THE NEW YORK TIMES – Len Kaplan began having difficulty walking in a straight line when he was in his 50s. Scoliosis combined with compressed discs in his back were causing his balance to deteriorate.
“Physical therapy, regular exercises, just wasn’t getting the job done. I needed something different,” Len, now 80, said.
Around that time Len and his wife, Ginny, took a cruise with twice-daily Tai Chi classes. Ginny, 77, said they loved Tai Chi — which consists of slow, controlled movements and deep breathing — so much they found a class in nearby Yorba Linda, Calif., when they returned home. The habit stuck.
Len and Ginny have now been taking Tai Chi and balance classes regularly for more than 15 years. Len is able to easily walk in a straight line and his balance has improved.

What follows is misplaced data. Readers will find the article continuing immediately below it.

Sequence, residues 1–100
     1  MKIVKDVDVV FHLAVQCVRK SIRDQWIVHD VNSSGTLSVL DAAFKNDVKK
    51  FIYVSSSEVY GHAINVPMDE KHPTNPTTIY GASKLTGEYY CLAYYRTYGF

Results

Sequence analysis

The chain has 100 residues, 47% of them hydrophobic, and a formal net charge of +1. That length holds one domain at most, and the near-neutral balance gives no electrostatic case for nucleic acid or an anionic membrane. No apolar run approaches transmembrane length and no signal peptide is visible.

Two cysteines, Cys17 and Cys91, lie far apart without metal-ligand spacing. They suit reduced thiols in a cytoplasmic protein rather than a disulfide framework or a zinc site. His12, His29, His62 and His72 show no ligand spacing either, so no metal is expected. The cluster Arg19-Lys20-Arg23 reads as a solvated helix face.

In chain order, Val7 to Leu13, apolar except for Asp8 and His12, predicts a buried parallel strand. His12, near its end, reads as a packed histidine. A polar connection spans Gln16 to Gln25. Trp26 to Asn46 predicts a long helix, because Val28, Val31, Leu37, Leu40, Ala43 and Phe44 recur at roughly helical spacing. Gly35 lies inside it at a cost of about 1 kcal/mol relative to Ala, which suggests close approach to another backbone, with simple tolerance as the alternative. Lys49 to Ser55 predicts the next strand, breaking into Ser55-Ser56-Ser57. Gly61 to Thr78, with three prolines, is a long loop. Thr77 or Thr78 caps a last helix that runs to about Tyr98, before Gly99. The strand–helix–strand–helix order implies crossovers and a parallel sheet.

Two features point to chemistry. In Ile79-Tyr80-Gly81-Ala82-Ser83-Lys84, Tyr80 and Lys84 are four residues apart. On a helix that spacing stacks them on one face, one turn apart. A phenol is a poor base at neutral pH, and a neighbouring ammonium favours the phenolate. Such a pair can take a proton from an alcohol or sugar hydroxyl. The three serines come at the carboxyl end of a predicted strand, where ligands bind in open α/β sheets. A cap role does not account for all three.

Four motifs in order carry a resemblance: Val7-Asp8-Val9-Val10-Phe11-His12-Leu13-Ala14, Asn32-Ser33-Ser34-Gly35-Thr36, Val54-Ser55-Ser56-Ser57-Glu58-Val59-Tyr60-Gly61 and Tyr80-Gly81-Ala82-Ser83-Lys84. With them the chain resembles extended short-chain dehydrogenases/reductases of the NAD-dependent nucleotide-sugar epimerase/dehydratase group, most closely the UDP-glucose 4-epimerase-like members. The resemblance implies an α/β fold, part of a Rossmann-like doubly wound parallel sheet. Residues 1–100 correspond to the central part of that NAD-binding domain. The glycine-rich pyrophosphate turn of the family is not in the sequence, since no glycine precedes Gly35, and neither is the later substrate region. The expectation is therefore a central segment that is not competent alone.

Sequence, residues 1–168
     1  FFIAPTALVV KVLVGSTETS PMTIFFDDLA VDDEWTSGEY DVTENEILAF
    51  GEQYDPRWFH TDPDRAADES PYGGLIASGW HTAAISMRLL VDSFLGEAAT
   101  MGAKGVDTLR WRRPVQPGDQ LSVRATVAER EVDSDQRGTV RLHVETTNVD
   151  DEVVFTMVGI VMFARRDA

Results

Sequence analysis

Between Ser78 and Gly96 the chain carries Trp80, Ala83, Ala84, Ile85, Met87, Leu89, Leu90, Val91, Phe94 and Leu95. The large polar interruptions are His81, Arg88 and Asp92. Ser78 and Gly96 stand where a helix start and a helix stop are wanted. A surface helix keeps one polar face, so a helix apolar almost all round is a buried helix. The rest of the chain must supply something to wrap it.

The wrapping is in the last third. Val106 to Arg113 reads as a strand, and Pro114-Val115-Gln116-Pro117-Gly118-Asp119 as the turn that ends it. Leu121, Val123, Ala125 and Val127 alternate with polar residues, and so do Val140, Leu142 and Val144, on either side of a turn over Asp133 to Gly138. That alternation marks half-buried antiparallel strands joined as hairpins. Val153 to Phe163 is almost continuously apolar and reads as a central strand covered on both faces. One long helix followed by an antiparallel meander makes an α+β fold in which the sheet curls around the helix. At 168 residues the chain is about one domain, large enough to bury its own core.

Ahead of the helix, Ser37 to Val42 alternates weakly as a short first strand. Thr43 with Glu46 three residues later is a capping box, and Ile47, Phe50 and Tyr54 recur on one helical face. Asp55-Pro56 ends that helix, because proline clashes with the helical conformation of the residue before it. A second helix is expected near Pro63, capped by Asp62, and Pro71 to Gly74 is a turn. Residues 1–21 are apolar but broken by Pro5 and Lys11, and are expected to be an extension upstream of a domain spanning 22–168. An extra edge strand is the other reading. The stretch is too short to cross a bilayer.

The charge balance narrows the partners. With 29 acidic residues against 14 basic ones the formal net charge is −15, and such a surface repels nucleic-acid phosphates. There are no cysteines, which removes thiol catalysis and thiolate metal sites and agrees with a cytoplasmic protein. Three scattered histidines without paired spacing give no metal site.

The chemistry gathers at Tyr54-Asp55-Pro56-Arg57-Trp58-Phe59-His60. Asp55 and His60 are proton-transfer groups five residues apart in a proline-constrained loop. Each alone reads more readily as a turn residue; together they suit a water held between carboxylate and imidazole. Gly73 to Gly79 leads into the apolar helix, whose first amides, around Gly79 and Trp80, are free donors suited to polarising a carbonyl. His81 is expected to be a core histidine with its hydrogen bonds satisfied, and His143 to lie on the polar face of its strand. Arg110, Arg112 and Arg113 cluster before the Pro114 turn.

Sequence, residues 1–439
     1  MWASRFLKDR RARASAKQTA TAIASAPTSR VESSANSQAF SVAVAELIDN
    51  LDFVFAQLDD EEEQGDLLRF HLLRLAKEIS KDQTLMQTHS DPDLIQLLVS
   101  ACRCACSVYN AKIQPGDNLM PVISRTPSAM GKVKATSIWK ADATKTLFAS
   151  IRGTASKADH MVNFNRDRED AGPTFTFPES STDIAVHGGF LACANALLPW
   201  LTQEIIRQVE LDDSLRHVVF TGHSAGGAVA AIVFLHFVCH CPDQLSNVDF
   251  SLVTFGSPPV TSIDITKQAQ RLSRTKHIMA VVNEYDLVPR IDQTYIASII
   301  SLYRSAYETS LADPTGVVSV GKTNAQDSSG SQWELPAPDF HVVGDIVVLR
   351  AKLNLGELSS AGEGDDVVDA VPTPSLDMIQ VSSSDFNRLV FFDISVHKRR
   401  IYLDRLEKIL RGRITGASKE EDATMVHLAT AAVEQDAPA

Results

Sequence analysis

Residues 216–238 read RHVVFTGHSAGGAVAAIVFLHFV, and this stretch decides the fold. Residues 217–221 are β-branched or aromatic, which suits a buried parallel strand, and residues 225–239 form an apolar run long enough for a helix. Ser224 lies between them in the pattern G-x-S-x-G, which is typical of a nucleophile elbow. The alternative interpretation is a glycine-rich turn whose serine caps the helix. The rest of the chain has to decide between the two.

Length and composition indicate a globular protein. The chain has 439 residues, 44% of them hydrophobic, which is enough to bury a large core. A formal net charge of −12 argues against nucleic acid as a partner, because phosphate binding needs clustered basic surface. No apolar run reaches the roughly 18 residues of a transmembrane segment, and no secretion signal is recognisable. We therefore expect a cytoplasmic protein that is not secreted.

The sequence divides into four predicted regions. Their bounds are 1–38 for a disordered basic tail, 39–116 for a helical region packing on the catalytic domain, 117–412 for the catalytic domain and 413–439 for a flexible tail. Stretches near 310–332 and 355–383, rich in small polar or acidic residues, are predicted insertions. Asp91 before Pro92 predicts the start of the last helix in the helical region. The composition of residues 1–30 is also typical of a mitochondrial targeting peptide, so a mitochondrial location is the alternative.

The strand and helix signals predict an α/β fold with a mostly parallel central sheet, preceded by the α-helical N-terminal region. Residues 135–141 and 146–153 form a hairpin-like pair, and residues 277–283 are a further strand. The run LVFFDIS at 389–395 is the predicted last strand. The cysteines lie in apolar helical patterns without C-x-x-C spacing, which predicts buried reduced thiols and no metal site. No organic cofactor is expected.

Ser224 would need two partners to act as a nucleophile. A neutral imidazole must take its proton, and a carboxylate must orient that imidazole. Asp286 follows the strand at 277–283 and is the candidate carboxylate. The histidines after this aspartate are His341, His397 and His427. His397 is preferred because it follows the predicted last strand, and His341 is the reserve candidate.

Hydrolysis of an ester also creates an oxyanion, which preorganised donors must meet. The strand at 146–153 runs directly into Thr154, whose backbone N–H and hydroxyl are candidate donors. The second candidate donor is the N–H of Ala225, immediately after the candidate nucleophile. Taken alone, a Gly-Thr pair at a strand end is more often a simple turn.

Last September while visiting Greece, Len and Ginny decided to hike the nearly 100 steps to the top of the Acropolis.
Up they went, over slippery, uneven steps with no hand rails. They made it to the top and were rewarded with ancient ruins and sweeping views of Athens below.
“At my age I know people who would go, ‘Oh no, I’ll stand at the bottom in the parking lot and take pictures, thank you,’” Ginny said, “but how fun is that?”
Balance training is an important but often-neglected skill, one that impacts both our longevity and our quality of life, beginning around age 40.
A study in June by a Brazilian team found that 20 percent of the 1,700 older adults tested couldn’t balance on one leg for 10 seconds or more. And that inability to balance was associated with a twofold risk of death from any cause within 10 years.
If you have tried out the one-legged test (with a wall or chair nearby for safety) and didn’t pass, don’t panic. It’s never too late to start working on balance training, even if you can pass the 10 second test, especially if you’re over age 50 …